Coptic Orthodox Church

The Coptic Orthodox Church (Coptic: Ϯⲉⲕ̀ⲕⲗⲏⲥⲓⲁ ⲛ̀ⲣⲉⲙⲛ̀ⲭⲏⲙⲓ ⲛ̀ⲟⲣⲑⲟⲇⲟⲝⲟⲥ, romanized: Ti.eklyseya en.remenkimi en.orthodoxos, lit.'the Egyptian Orthodox Church'; Arabic: الكنيسة القبطية الأرثوذكسية, romanized: al-Kanīsa al-Qibṭiyya al-ʾUrṯūḏuksiyya), also known as the Coptic Orthodox Patriarchate of Alexandria, is an Oriental Orthodox Christian church based in Egypt, servicing Africa and the Middle East. The head of the church and the See of Alexandria is the Pope of Alexandria on the Holy Apostolic See of Saint Mark, who also carries the title of Father of fathers, Shepherd of Shepherds, Ecumenical Judge and the thirteenth among the Apostles. The See of Alexandria is titular, and today the Coptic Pope presides from Saint Mark's Coptic Orthodox Cathedral in the Abbassia District in Cairo. The church follows the Alexandrian Rite for its liturgy, prayer and devotional patrimony. With approximately 25 million members worldwide, it is the country's largest Christian denomination.[1][2][3][4][5][6][7]


Coptic Orthodox Patriarchate of Alexandria
ϯⲉⲕ̀ⲕⲗⲏⲥⲓⲁ ⲛ̀ⲣⲉⲙⲛ̀ⲭⲏⲙⲓ ⲛ̀ⲟⲣⲑⲟⲇⲟⲝⲟⲥ (Coptic)
الكنيسة القبطية الأرثوذكسية  (Arabic)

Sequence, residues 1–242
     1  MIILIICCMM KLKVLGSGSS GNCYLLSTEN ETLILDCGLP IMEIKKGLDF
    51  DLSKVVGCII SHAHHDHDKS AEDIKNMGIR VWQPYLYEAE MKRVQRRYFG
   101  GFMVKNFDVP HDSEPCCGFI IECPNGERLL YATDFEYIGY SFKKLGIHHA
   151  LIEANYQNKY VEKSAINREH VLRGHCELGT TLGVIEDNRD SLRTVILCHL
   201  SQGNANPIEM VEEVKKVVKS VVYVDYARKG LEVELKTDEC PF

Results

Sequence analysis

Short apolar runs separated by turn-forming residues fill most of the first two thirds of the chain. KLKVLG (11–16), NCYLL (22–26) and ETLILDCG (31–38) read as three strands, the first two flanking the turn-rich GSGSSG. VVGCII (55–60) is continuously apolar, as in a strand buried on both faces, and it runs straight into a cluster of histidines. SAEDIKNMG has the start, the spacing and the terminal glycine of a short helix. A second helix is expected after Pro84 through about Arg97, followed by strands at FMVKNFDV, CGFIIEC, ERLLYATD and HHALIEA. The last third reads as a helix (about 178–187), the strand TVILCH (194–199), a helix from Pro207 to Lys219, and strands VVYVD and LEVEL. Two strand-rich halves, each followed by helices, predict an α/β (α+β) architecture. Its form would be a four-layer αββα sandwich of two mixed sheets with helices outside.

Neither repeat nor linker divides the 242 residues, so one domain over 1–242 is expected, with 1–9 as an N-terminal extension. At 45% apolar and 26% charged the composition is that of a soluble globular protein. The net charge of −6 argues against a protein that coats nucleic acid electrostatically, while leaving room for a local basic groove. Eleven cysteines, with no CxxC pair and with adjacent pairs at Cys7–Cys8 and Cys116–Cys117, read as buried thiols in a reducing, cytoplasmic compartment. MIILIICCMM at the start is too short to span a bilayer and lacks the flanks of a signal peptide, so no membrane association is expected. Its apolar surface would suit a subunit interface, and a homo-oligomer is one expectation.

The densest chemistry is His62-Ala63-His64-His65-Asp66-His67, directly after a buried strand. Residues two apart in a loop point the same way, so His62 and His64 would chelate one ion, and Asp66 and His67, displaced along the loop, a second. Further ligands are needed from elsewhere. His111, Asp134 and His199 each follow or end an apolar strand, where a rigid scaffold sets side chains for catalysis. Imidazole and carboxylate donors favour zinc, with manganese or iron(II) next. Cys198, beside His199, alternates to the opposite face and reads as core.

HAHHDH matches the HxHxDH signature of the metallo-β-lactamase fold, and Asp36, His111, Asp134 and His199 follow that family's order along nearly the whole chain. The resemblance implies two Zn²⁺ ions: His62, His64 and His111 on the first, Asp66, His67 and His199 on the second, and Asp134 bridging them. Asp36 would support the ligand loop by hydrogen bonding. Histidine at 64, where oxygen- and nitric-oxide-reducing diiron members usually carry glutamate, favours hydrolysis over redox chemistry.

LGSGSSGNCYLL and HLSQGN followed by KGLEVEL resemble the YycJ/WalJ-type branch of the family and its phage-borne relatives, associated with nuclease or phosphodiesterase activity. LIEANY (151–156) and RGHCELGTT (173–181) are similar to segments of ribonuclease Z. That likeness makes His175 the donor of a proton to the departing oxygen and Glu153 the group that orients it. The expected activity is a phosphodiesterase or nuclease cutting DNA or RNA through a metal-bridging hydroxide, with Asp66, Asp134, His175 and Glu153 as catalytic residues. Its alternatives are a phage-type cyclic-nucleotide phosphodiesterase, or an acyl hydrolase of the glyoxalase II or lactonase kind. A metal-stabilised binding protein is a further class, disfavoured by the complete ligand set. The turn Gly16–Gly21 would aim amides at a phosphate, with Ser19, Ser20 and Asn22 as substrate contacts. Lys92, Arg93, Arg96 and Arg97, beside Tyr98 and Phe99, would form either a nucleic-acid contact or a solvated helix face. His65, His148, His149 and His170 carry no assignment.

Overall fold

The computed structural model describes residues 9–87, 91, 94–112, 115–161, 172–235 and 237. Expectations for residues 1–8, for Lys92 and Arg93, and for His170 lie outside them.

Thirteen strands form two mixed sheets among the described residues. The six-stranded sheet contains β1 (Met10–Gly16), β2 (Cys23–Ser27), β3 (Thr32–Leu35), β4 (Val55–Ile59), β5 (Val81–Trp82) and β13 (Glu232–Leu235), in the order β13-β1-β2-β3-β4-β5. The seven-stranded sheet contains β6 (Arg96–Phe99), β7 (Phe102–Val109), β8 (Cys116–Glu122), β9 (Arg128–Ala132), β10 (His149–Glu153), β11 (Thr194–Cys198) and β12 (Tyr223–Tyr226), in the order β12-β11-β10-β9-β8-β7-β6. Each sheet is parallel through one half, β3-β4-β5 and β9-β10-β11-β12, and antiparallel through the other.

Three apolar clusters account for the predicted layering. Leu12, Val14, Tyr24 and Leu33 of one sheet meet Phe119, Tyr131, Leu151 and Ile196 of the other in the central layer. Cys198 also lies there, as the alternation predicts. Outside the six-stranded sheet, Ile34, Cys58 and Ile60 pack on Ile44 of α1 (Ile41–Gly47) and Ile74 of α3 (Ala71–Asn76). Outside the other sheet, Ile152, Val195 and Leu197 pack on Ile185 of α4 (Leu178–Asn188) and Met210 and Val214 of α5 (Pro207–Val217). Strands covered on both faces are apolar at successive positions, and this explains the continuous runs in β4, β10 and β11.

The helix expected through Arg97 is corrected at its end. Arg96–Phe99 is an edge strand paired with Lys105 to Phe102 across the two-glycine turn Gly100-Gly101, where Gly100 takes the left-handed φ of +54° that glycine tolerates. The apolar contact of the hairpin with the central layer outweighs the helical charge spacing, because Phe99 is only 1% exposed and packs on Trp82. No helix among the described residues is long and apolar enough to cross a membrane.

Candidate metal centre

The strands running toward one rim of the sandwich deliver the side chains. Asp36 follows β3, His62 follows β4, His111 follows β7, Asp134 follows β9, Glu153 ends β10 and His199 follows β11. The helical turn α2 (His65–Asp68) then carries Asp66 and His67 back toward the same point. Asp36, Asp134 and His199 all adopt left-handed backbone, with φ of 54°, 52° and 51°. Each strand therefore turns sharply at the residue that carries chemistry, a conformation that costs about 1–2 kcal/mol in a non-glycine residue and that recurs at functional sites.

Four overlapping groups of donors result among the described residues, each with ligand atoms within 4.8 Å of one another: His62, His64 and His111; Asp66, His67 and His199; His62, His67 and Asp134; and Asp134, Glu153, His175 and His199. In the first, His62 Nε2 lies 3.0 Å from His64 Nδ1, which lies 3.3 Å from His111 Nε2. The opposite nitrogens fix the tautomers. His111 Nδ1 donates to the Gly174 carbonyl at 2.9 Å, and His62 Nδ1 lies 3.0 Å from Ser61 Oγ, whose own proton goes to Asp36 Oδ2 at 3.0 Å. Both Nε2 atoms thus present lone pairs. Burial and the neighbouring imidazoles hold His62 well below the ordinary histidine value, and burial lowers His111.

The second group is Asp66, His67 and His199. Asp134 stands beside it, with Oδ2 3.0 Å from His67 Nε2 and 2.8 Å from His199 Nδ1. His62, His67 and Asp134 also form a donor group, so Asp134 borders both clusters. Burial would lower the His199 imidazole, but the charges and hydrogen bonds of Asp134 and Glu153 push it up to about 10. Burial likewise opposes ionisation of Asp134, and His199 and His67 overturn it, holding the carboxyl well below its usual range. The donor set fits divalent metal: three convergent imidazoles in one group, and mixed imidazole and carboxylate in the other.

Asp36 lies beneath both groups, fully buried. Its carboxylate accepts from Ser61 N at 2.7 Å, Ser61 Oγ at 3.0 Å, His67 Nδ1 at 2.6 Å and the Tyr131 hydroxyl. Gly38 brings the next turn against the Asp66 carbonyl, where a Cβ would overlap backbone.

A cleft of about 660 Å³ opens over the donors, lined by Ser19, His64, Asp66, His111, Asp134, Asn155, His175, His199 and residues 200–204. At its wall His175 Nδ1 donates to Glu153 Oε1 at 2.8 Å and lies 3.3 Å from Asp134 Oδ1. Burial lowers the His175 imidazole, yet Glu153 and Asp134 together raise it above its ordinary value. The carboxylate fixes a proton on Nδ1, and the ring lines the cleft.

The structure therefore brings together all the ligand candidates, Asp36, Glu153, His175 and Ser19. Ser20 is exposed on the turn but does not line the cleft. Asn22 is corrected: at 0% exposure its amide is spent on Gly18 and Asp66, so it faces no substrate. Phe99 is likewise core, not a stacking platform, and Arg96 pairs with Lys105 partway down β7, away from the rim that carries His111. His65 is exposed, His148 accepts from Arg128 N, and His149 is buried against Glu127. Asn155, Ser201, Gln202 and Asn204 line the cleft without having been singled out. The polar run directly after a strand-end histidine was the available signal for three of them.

ClassificationEastern Christian
OrientationOriental Orthodox
ScriptureBible
TheologyMiaphysitism
PolityEpiscopal
GovernanceHoly Synod of the Coptic Orthodox Church
HeadPope Tawadros II
RegionEgypt, Libya, Sudan, South Sudan, Middle East, and diaspora
LanguageCoptic, Arabic
LiturgyAlexandrian Rite
HeadquartersSaint Mark's Coptic Orthodox Cathedral, Cairo, Egypt
FounderSt. Mark the Evangelist (Traditional)
OriginAD 33
Alexandria, Egypt
SeparationsCoptic Catholic Church (1895)
British Orthodox Church (2015)
Members15 million[1][2][3][4][5][6][7]
Other name(s)Coptic Church
Coptic Orthodox Church
Official websitehttps://copticorthodox.church/

According to its tradition, the Coptic Church was established by Saint Mark, an apostle and evangelist, during the middle of the 1st century (c. AD 42).[8] Due to disputes concerning the nature of Christ, the Oriental Orthodox Churches departed away from the rest of the Chalcidonians after the Council of Chalcedon in AD 451, resulting in a rivalry with the Greek Orthodox Church of Alexandria. In the 4th to 7th centuries, the Coptic Church gradually expanded due to the Christianization of the Aksumite Empire and of two of the three Nubian kingdoms, Nobatia and Alodia, while the third Nubian kingdom, Makuria, recognized the authority of the Coptic Pope after initially being aligned to the State church of the Roman Empire.

After AD 639 Egypt was ruled by its Islamic conquerors from Arabia, and the treatment of the Coptic Christians ranged from tolerance to open persecution. In the 12th century, the church relocated its seat from Alexandria to Cairo. The same century also saw the Copts become a religious minority. During the 14th and 15th centuries, Nubian Christianity was supplanted by Islam. In 1959, the Ethiopian Orthodox Tewahedo Church was granted autocephaly. This was extended to the Eritrean Orthodox Tewahedo Church in 1998 following the successful Eritrean War of Independence from Ethiopia. Since the Arab Spring in 2011, the Copts have been suffering increased religious discrimination and violence.[9]